"Our goal is to develop strategies for patients to reduce or eliminate their risk of coronary artery disease, prevent or minimize hospitalization, decrease mortality and improve quality of life," says Dr. Chessex, noting that patients can prolong their life and reduce their risk of having a second heart attack, or needing a second heart surgery.

Beyond the physical and psychological benefits, cardiac rehabilitation saves money. Cardiac bypass surgery, the most common type of open-heart surgery, costs approximately $23,000 for each patient, but rehabilitation costs $1,000-1,500 per patient.

"The return on investment is obvious. Focusing on expensive cardiac interventions and then discharging patients without a systematic approach for support just doesn't make sense," says Dr. Grace. "Cardiac rehab is the right step towards prevention and it saves money."


'/>"/>

Contact: Nicole Bodnar
nicole.bodnar@uhn.on.ca
416-340-4636
University Health Network
Source:Eurekalert

Related medicine news :

1. Too Few Heart Patients Go to Cardiac Rehab
2. New Guidelines OK Pradaxa Blood Thinner as Option for Irregular Heartbeat
3. Early signs of heart disease in preadolescent children with type 1 diabetes
4. Study finds that electronic fetal heart rate monitoring greatly reduces infant mortality
5. New Drug May Help Patients With Irregular Heartbeat Avoid Stroke
6. Stars Strut on the Runway for Womens Heart Health
7. Wireless Device Can Cut Heart Failure-Related Hospitalizations
8. Too Little Sleep, Too Often, May Harm Your Heart
9. Apica Cardiovascular receives $5.1 million investment for improved heart surgery system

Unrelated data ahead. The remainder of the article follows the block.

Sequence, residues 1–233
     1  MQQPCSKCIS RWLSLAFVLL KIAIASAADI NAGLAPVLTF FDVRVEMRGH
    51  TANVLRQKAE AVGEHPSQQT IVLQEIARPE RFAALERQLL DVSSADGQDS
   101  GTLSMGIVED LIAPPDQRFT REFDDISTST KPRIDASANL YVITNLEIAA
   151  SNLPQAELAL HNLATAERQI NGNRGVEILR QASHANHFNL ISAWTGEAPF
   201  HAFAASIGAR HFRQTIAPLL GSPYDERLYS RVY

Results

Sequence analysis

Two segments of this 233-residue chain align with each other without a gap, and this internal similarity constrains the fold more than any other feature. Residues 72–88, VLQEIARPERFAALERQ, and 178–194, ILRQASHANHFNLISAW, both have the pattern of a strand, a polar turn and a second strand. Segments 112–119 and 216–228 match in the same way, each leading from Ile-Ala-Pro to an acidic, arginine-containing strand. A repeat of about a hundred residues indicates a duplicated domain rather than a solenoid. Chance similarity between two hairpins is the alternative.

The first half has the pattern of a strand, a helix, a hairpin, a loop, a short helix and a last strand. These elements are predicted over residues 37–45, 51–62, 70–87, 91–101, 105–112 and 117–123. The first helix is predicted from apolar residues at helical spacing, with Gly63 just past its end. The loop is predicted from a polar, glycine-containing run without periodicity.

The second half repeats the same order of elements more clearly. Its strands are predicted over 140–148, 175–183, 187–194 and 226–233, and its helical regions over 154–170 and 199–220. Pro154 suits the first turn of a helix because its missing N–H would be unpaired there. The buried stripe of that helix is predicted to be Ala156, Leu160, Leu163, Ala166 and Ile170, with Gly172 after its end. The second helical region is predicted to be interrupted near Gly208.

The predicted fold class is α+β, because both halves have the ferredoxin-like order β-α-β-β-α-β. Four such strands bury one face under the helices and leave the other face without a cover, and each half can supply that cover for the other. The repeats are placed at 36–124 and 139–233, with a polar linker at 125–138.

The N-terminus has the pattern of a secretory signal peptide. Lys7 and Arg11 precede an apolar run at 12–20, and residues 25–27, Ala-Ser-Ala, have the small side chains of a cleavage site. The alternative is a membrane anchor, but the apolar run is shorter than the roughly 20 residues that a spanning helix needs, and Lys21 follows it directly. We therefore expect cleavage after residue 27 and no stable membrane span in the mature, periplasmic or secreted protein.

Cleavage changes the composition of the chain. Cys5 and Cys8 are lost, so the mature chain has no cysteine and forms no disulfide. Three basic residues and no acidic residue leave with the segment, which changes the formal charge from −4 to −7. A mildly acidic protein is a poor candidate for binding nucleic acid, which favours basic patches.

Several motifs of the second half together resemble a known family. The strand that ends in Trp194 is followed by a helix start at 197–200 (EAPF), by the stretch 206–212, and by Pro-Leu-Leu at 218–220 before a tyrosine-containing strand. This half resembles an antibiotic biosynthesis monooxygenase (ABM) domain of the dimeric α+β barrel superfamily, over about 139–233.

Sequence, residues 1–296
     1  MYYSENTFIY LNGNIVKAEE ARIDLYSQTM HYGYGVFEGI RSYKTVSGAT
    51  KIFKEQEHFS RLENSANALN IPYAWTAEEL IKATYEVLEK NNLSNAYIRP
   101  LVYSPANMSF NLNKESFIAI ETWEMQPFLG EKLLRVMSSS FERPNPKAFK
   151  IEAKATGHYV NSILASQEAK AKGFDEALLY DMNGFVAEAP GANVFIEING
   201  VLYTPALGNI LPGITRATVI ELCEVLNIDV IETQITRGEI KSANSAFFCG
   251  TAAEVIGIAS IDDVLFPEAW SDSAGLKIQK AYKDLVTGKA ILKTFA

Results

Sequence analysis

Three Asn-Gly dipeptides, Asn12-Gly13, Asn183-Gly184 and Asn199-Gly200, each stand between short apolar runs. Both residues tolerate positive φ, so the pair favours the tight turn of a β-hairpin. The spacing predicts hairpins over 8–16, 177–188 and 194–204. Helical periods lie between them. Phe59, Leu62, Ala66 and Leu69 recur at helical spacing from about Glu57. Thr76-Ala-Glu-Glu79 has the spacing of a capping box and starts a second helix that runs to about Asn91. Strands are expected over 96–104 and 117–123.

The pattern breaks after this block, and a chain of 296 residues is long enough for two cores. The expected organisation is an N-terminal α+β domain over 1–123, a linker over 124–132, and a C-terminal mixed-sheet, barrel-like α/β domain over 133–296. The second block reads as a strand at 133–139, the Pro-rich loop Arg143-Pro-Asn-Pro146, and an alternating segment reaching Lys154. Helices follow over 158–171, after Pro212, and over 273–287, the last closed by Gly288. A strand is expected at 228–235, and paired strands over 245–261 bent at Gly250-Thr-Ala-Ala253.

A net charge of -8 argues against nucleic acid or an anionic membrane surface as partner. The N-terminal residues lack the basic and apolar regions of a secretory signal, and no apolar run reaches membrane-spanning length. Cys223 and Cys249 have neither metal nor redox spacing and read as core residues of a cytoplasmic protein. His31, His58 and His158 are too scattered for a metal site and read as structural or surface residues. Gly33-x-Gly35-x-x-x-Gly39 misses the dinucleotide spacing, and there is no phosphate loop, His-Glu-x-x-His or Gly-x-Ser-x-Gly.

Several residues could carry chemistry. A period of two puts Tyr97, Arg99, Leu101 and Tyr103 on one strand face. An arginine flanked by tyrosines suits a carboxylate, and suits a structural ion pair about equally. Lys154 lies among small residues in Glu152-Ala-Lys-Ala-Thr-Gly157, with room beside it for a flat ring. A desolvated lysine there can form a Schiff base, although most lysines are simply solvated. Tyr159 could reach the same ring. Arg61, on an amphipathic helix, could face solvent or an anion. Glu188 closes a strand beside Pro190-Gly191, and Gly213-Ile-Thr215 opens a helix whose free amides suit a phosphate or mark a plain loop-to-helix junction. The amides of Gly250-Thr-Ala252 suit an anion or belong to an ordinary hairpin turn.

10. Getting to the scientific heart of what makes romantic relationships succeed or fail
11. Heart Enzymes May Predict Outcome After Bypass Surgery
Post Your Comments:
*Name:
*Comment:
*Email:
(Date:6/26/2016)... ... June 26, 2016 , ... Brent Kasmer, a legally blind and certified personal trainer ... through a fitness app. The fitness app plans to fix the two major problems leading ... a one size fits all type program , They don’t eliminate all the ...
(Date:6/25/2016)... (PRWEB) , ... June 25, 2016 , ... Austin residents ... the American College of Mohs Surgery and to Dr. Russell Peckham for medical and ... highly effective treatment for skin cancer. The selective fellowship in Mohs Micrographic Surgery completed ...
(Date:6/25/2016)... ... June 25, 2016 , ... First Choice Emergency Room , ... Sesan Ogunleye, as the Medical Director of its new Mesquite-Samuell Farm facility. , ... our new Mesquite location,” said Dr. James M. Muzzarelli, Executive Medical Director of First ...
(Date:6/25/2016)... ... ... On Friday, June 10, Van Mitchell, Secretary of the Maryland Department of Health ... of their exemplary accomplishments in worksite health promotion. , The Wellness at Work Awards ... at the BWI Marriott in Linthicum Heights. iHire was one of 42 businesses to ...
(Date:6/24/2016)... ... June 24, 2016 , ... Those who have experienced ... feelings, many turn to unhealthy avenues, such as drug or alcohol abuse, as a ... has released tools for healthy coping following a traumatic event. , Trauma sufferers tend ...
Breaking Medicine News(10 mins):
(Date:6/23/2016)... , June 23, 2016 Roche (SIX: ... 510(k) clearance for its Elecsys BRAHMS PCT (procalcitonin) assay ... sepsis or septic shock. With this clearance, Roche is ... a fully integrated solution for sepsis risk assessment and ... with bacterial infection and PCT levels in blood can ...
(Date:6/23/2016)... , June 23, 2016 ... CAPR ), a biotechnology company focused on ... today announced that patient enrollment in its ongoing ... Duchenne) has exceeded 50% of its 24-patient target. ... in the third quarter of 2016, and to ...
(Date:6/23/2016)... 23, 2016 Bracket , a leading clinical ... generation clinical outcomes platform, Bracket eCOA (SM) 6.0, at ... 26 – 30, 2016 in Philadelphia , ... Outcome Assessment product of its kind to fully integrate with ... Bracket eCOA 6.0 is a flexible platform for electronic clinical ...
Breaking Medicine Technology: